After slow start, Meadows connects for 1st home run of '24

April 17th, 2024

DETROIT -- From his spot in center field, saw fans leaving Comerica Park’s lower bowl in the ninth inning of a one-run game and wondered what was going on.

“I started panicking when they said on the loudspeaker for everyone to take cover,” Meadows said. “I was like, ‘Is there a tornado or something?’”

Not quite that bad, but with a line of severe thunderstorms approaching, the Tigers took precautions with fans, ushering them to covered seats or the concourse. The worst of the weather held off until just after Rangers closer Kirby Yates struck out Spencer Torkelson and Kerry Carpenter to finish off Detroit’s 5-4 loss.

It was uncanny timing. By contrast, Meadows’ timing is rapidly improving. He has been working on that for a while.

As Meadows pondered his slow start last weekend, he had an air of confidence that he could dig out of it. His 2-for-36 performance to start the season entering Wednesday looked ugly, but Meadows felt he had isolated what was holding him back. Being late on fastballs was an effort to stay on time for offspeed pitches, but he was caught in between both.

“I think the moment you lose confidence is the moment you’re defeated,” Meadows said last Saturday. “I know this game is like a roller coaster, so I’m going to continue to ride it and go out there with full confidence.”

It took some work, but as Meadows watched his first home run of the year sail to right-center, just over where Comerica Park’s out-of-town scoreboard used to sit, he finally reaped the rewards. The seventh-inning solo shot drew Detroit within a run, further whittling what was once a three-run deficit. It punctuated a comeback for team and player alike.

“Felt great,” Meadows said. “Felt like it had been too long.”

Said manager A.J. Hinch: “It was nice to see him contribute. He needed that.”

The at-bats had been building. Though Meadows went 0-for-3 on Tuesday, he worked ahead in all three counts. He did a good job of not chasing pitches, though he took a José Ureña 96.5 sinker for a called third strike in his final at-bat, after working the count to 3-2.

Meadows’ Statcast-projected 361-foot flyout near the warning track in right-center in his first at-bat Wednesday against Rangers starter Dane Dunning was a good sign. He grounded out to first his next time up, but when Austin Pruitt put a 90 mph fastball over the plate in just about the same spot he had flipped a first-pitch curveball in Meadows' third at-bat, he pounced.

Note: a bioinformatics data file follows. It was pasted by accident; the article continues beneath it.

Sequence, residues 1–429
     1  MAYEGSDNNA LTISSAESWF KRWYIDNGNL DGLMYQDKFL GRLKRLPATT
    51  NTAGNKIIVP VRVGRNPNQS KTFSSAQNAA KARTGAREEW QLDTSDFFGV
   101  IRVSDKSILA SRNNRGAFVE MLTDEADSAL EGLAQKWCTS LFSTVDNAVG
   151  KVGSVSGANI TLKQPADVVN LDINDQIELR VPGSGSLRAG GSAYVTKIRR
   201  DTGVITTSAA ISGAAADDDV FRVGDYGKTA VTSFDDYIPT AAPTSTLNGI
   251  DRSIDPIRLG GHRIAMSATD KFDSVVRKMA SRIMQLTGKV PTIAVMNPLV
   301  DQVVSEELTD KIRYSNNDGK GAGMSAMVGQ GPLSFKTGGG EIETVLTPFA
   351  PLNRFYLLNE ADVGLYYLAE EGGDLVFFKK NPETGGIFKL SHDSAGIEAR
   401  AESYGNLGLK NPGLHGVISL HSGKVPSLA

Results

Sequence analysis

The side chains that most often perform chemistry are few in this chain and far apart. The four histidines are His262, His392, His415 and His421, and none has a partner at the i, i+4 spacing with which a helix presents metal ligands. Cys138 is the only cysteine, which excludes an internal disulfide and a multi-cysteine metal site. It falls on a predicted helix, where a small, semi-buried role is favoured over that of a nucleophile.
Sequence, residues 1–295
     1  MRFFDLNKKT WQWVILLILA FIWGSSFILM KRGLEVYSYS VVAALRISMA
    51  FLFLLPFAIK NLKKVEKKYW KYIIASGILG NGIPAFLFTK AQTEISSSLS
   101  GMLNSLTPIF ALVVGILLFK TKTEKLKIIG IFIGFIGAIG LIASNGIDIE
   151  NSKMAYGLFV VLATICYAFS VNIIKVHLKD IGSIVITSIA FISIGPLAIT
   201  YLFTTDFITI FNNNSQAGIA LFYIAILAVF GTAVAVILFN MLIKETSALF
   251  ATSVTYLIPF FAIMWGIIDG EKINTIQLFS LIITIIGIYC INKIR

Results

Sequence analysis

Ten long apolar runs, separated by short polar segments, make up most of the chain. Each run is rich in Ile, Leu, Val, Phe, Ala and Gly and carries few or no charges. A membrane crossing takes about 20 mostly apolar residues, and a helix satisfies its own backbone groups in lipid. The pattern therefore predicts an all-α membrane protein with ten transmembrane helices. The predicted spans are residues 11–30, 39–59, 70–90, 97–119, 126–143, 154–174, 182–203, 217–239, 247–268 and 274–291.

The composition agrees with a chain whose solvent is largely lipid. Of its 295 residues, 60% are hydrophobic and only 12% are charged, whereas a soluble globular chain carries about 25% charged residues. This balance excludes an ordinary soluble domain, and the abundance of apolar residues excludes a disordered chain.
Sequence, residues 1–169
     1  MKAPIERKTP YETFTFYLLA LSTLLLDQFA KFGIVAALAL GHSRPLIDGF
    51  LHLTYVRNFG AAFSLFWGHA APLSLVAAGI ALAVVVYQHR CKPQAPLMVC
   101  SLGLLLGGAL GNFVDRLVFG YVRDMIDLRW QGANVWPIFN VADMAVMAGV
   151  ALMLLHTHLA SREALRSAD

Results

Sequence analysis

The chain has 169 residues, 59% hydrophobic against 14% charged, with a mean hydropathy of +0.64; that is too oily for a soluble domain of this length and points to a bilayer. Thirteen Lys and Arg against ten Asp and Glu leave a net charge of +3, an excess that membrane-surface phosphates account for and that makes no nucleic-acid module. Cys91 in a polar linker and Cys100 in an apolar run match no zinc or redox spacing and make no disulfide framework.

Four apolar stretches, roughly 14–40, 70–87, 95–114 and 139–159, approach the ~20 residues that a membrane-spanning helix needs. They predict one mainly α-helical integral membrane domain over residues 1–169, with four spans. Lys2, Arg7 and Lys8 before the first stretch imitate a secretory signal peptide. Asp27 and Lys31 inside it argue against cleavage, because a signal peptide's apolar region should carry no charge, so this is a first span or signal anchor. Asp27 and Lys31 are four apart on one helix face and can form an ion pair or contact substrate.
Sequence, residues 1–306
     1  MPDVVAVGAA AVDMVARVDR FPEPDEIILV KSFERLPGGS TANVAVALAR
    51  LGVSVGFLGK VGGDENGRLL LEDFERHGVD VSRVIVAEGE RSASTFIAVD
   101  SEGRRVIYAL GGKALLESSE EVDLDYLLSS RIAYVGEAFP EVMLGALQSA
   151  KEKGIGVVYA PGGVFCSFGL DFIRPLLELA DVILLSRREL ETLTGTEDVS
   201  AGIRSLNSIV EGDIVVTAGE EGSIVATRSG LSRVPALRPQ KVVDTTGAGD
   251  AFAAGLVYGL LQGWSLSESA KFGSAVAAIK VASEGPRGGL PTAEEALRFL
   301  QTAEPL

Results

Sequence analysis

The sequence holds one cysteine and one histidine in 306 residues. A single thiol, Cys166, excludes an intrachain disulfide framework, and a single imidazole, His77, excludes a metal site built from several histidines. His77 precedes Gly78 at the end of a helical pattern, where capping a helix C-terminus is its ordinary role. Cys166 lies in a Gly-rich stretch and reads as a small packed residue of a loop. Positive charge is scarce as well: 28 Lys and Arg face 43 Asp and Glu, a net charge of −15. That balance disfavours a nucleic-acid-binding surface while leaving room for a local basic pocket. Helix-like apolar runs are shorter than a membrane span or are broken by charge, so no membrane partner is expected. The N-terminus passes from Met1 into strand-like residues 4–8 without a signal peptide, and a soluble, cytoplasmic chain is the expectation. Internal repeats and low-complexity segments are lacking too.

“Took advantage of the 0-1 heater,” Meadows said. “Just told myself to stay on the heater.”

It was the last fastball he saw. When Meadows came back up with the potential go-ahead run on first and two outs in the eighth, David Robertson gave him almost nothing to center. Four of the six pitches were curveballs or sliders, and the only pitch with velocity in the zone was a 2-1 cutter that barely caught the outside corner. Robertson tried to get Meadows to chase a couple curveballs just off the plate, but Meadows declined.

“Robertson was working me. Everything was away,” Meadows said. “But I saw the ball a little better today and did the best I could to help the team.”

That discipline has stayed relatively consistent, even if his timing has not. Despite the slow start, he still ranks just outside the top 20 percent of MLB hitters with a 21.8 percent chase rate according to Statcast, and his 16.3 percent walk rate ranks among the top six percent. His struggle reflected more in a low contact rate on pitches in the zone.

“Controlling the at-bats was good,” Hinch said. “I think the homer was [good], for [the team] and for him. The walk is a good sign moving forward that he’s starting to zone the ball in a little bit.”

The Tigers have been patient with Meadows, aside from moving him down in the batting order, in large part thanks to his defense. Even while he wasn’t doing much offensively, he improved the team in the field. With Detroit scheduled to face four more right-handed starters this week, including Jack Leiter in his MLB debut Thursday, Meadows should get a chance to keep building.

“This game’s a process,” Meadows said. “Just continue to build off of the little things. I’ll go into tomorrow with a full head of confidence and go about my day.”